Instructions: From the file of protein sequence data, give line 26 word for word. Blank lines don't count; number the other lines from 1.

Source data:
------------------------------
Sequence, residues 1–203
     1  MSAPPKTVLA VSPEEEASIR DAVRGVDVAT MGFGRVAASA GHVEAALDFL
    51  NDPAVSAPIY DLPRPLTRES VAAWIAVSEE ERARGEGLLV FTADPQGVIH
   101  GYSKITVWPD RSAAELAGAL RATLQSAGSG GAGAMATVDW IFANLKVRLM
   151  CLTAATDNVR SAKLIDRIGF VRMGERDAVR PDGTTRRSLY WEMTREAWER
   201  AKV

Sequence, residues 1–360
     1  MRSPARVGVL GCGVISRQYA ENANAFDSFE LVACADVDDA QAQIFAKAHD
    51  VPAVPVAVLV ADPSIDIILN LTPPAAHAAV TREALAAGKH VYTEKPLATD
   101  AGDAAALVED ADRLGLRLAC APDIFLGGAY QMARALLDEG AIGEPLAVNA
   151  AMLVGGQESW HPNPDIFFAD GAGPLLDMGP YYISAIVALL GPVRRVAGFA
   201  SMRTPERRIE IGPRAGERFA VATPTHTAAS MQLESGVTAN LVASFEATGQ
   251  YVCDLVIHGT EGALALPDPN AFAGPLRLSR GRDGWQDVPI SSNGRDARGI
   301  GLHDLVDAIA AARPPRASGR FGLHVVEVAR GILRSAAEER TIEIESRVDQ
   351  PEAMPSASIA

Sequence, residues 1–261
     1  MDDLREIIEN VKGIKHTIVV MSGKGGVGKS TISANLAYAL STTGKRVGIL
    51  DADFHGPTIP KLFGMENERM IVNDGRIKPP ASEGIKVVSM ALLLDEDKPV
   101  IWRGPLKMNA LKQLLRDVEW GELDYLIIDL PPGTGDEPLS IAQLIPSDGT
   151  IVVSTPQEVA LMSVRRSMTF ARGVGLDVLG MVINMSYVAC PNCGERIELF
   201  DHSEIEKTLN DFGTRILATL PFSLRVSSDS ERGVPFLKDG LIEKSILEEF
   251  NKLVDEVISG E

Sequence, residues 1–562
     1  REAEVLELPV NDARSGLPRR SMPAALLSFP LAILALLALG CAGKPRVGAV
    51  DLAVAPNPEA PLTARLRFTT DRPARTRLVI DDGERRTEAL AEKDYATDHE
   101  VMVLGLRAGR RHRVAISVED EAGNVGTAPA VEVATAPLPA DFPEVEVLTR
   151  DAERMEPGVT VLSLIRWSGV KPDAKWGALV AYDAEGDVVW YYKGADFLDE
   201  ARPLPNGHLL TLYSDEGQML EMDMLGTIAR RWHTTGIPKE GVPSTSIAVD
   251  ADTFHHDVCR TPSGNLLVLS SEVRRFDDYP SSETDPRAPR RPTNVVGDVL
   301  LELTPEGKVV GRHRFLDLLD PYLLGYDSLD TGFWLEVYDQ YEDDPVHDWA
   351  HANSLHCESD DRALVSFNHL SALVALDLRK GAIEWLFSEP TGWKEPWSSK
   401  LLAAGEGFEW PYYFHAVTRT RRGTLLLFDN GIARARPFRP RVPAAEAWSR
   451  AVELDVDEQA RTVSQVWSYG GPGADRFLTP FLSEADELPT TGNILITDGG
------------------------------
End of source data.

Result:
   101  VMVLGLRAGR RHRVAISVED EAGNVGTAPA VEVATAPLPA DFPEVEVLTR